The Tax Cuts and Jobs Act of 2017 (“TCJA”) was the most comprehensive overhaul of the Tax Code in over 30 years, but one of the most controversial changes was the limitation of the State and Local Tax (“SALT”) deduction. Prior to tax reform, taxpayers who itemized their deductions were eligible to deduct 100% of their state income tax or sales tax as well as their state and local property taxes. The SALT tax deduction especially benefited high-income taxpayers, as they were more likely to itemize their deductions, and they could take large SALT deductions on their tax returns. For taxpayers living in high-tax states, this was a substantial deduction, as property taxes alone could easily exceed $10,000 per year. According to the Tax Policy Center, the average SALT deduction claimed by taxpayers in the 2017 tax year was over $20,000 for high-tax states such as California, Connecticut, and New York. On the other hand, low-income taxpayers in low-tax states did not reap the benefits of the SALT deduction if they took the Standard Deduction as opposed to itemizing. The SALT deduction essentially acted as a Federal Government subsidy to high-tax states. The TCJA capped State and Local Tax deductions at a combined total of $10,000 beginning in the 2018 tax year. The SALT deduction cap is scheduled to sunset after December 31, 2025. As one could imagine, this was a huge blow to taxpayers living in high-tax states.

Since the enactment of the TCJA, many high-tax states, have voiced their concerns over the new SALT deduction limits. These high-tax states argue that they face increased pressure to lower state taxes, which would cut funding for state programs. In addition, they argue that the curtailed SALT deduction leads to a decrease in housing prices and property values, reducing tax revenue that the states earn on home sales. There is even anecdotal evidence that taxpayers in high-tax states will move to low-tax states, such as Florida or Texas, to alleviate the heavy burden of the TCJA SALT cap.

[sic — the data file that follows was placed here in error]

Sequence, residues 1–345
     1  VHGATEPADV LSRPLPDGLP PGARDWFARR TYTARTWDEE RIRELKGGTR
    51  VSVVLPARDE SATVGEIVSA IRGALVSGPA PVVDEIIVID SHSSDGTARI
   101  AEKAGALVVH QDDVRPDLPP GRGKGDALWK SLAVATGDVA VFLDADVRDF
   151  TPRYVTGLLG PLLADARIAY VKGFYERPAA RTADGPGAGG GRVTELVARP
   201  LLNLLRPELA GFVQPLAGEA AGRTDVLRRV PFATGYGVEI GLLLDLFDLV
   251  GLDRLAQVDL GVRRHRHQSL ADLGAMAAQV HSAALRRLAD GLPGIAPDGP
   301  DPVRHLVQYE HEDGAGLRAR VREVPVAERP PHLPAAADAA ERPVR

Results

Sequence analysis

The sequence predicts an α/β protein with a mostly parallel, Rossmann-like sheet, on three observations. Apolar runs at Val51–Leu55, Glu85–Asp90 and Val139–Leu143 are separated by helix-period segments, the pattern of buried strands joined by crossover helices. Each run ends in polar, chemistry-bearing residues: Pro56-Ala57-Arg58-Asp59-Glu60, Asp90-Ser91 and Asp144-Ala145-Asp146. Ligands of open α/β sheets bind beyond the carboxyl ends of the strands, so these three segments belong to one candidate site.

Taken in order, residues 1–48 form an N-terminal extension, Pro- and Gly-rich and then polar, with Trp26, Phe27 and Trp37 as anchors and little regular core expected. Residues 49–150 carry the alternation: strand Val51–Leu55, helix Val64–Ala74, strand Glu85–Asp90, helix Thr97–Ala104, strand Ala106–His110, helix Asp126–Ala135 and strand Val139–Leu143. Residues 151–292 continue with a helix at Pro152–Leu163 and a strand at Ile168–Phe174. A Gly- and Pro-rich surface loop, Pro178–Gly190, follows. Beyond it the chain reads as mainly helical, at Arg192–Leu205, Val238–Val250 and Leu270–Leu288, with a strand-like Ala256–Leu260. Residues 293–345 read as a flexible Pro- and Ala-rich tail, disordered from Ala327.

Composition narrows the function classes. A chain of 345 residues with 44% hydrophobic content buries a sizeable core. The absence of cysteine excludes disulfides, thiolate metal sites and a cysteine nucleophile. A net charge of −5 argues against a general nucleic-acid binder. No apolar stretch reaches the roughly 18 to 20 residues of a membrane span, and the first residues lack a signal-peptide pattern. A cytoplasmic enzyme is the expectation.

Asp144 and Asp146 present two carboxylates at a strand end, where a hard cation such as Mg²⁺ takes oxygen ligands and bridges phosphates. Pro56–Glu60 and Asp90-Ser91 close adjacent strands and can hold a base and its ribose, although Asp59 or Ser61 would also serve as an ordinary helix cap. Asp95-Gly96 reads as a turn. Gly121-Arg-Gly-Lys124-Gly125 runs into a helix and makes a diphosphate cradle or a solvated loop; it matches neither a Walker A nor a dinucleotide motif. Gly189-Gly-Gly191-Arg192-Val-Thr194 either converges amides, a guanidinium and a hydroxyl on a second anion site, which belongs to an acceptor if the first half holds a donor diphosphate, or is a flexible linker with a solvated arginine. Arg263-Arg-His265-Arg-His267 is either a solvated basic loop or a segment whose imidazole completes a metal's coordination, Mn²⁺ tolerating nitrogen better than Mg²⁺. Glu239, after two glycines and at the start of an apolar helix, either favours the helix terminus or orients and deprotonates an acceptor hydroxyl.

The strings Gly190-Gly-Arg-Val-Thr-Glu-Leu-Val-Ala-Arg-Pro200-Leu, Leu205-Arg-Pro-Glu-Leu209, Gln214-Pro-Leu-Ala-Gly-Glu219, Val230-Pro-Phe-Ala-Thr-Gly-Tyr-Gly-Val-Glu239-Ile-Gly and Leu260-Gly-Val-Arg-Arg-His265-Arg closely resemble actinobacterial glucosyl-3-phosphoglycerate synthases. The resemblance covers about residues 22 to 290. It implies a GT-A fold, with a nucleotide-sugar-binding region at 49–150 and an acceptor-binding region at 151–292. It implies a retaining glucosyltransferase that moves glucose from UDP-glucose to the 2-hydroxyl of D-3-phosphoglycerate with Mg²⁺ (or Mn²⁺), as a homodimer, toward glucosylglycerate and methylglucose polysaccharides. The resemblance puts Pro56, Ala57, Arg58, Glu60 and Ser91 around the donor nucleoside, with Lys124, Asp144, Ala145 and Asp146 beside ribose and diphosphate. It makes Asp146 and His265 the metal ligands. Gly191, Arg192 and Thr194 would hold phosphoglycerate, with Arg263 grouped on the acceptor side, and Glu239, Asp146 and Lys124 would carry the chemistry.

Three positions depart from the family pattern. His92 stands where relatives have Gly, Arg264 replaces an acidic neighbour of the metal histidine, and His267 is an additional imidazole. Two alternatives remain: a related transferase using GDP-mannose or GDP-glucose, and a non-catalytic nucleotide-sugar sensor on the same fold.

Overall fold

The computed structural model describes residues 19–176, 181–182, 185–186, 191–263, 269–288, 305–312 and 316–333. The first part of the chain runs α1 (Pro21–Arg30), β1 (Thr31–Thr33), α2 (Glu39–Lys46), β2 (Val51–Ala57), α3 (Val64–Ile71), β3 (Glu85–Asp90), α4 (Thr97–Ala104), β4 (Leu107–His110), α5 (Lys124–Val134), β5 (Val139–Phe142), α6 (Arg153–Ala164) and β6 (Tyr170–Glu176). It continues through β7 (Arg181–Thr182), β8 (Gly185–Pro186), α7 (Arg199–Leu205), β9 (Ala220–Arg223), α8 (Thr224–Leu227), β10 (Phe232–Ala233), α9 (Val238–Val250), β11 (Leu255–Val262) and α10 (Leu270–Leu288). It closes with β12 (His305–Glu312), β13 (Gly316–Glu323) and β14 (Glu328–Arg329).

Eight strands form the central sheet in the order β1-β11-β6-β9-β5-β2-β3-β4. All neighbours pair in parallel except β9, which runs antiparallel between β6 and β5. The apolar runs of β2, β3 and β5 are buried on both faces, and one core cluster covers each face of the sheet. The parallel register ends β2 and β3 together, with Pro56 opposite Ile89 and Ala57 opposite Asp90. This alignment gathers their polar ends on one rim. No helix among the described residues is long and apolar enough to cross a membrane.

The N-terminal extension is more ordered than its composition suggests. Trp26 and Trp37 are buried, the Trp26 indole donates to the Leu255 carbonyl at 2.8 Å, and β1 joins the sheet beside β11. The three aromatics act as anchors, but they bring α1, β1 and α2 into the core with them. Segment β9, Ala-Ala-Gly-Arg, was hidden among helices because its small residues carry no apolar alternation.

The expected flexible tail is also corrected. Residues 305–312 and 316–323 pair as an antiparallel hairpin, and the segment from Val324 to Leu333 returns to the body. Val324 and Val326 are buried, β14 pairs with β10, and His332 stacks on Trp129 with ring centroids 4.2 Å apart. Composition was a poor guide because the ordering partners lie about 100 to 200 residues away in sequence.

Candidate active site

In a move to challenge the TCJA SALT deduction limits, four high-tax states, Connecticut, Maryland, New Jersey, and New York, filed a lawsuit (“New York v. Mnuchin”) in July of 2018 against Treasury Secretary Steven Mnuchin, IRS Commissioner David Kautter, and others, alleging that the $10,000 cap on State & Local deductions was “an unconstitutional assault on states’ sovereign choices.” On September 30th, 2019, U.S. District Court Judge Paul Oetken dismissed the lawsuit, ruling that the states failed to prove that the cap on State & Local deductions was unconstitutional or exceeded Congress’ power to tax under Article 1, Section 8 and the 16th Amendment. Oetken noted “an otherwise valid federal law does not offend the Constitution simply because it seeks to affect state policies.” In response, on November 26, 2019, the four states filed a notice of appeal in the U.S. Court of Appeals for the Second Circuit.

New York Attorney General, Letitia James, and New York Governor, Andrew Cuomo, are among the most outspoken critics of the TCJA’s capped SALT deduction. During a press release, Attorney General James asserted that “New York will not be bullied into paying more in taxes or changing its vital public investments because of Congress and the President’s partisan choices.” Governor Cuomo added, “New York is already the nation’s leader in sending more tax dollars to Washington than we get back every year, and we will not allow this administration to pick the pockets of hard-working New Yorkers to fund tax cuts for corporations and send even more money to red states. We will continue to fight this unconstitutional assault until it is repealed once and for all.”

If anything is certain, it is that the TCJA cap on State and Local Tax deductions will continue to be a hot topic for years to come.

Rachel Parsia, CPA is Manager of Tax & Advisory Content for Surgent CPE. She attended Penn State University, graduating with a master’s degree and bachelor’s degree in accounting, as well as a bachelor’s degree in finance. Before joining Surgent, she worked at KPMG and TE Connectivity Ltd. and has experience in Federal Tax, International Tax, and Tax Forecasting.

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